Definition of antidote in English:

antidote

Syllabification: an·ti·dote
Pronunciation: /ˈan(t)iˌdōt
 
/

noun

1A medicine taken or given to counteract a particular poison.
More example sentences
  • Don't use charcoal tablets that you can buy from pharmacies to treat poisoning yourself - these are for indigestion and flatulence only and the dose is too small to work as an antidote to poisoning.
  • We do not know of an antidote to counteract this side effect.
  • Furthermore, antidotes to poisons and intensive care may not be available.
Synonyms
1.1Something that counteracts or neutralizes an unpleasant feeling or situation: laughter is a good antidote to stress
More example sentences
  • As an antidote to this situation, I believe it is necessary to view the Zen world, its hierarchy, and authority figures through a theoretical framework separate from Zen.
  • The antidote to such a situation is to seek to discover what the total Scriptural teaching on any particular subject is, and also to view it in relation to the other doctrines of Scripture.
  • This introduces hope - the antidote to stress - into the situation.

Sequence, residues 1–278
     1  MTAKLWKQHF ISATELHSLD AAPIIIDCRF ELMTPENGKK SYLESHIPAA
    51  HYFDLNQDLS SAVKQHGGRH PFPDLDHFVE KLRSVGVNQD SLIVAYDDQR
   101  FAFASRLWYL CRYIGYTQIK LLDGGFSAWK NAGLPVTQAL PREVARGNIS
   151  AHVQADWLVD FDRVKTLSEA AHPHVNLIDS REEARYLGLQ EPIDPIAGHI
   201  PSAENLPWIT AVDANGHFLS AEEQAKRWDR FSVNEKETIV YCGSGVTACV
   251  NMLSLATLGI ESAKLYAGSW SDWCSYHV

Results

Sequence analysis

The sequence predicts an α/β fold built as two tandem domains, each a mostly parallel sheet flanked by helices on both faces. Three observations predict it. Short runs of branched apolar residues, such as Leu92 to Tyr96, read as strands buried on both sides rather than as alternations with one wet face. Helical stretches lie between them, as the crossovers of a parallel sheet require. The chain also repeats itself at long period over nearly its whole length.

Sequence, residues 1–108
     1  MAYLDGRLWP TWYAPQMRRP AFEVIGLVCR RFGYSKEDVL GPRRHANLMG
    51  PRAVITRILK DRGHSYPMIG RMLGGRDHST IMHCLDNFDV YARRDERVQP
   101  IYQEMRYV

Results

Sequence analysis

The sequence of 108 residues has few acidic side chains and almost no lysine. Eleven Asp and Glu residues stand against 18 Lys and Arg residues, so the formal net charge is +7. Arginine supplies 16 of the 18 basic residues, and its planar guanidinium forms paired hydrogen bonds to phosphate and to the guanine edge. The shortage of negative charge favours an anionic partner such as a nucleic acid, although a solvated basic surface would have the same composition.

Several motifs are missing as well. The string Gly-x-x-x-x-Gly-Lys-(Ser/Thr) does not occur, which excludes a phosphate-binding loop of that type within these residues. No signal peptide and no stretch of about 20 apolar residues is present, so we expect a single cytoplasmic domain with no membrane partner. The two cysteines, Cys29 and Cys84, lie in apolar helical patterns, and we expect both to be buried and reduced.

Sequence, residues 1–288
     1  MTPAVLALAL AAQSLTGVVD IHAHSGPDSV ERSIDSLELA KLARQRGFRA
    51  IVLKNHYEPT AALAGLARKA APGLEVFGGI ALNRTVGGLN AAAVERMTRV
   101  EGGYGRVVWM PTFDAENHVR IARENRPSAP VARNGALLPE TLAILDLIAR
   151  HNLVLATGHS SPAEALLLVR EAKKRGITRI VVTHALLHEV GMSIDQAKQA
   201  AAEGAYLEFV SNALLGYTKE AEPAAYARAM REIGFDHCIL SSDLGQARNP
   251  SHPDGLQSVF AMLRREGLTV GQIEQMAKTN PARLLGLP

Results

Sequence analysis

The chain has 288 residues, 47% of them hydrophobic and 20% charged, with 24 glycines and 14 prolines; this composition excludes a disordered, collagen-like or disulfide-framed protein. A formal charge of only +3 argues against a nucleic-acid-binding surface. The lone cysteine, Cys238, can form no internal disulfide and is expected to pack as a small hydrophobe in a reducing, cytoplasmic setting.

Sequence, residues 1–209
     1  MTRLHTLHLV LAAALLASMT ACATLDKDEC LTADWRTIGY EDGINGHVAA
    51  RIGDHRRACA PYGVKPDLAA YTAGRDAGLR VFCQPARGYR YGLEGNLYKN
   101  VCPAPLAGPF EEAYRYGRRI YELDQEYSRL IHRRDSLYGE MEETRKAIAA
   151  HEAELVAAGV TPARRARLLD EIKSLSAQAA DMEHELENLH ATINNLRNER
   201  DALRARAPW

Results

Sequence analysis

Synonyms
remedy, cure, nostrum
1.2(In homeopathy) a substance that cancels or opposes the effect of a remedy.
More example sentences
  • Some substances like camphor are considered a general antidote to many homeopathic medicines and should therefore be avoided or taken into account.
  • Each remedy has an antidote, another remedy that cancels it’s effect.
  • Coffee is another common homeopathic antidote.

verb

[with object] (antidotes, antidoting, antidoted) Back to top  
Counteract or cancel with an antidote: What remedy will antidote henbane?
More example sentences
  • If you're trying to find ways of antidoting well known problems via software architecture, that's quite interesting.
  • Chinese people believe that the hot pot produces ‘hot’ food which might arouse the inner poisons of the eaters, and this Sichuan tea is ‘cool’ and refreshing, capable of antidoting the poisons.
  • This very generous and considerate article has antidoted all things that have gone before.

Origin

late Middle English: via Latin, from Greek antidoton, neuter of antidotos 'given against', from anti- 'against' + didonai 'give'.

Derivatives

antidotal

Pronunciation: /ˌantiˈdōtl/
adjective
More example sentences
  • Duck's blood is a good antidotal food, with special effects in the treatment of diarrhoea and nausea.
  • On occasion, though, the films do rise above their antidotal mandate.
  • After all, there is only some antidotal evidence to show the connection between the measles and MS.

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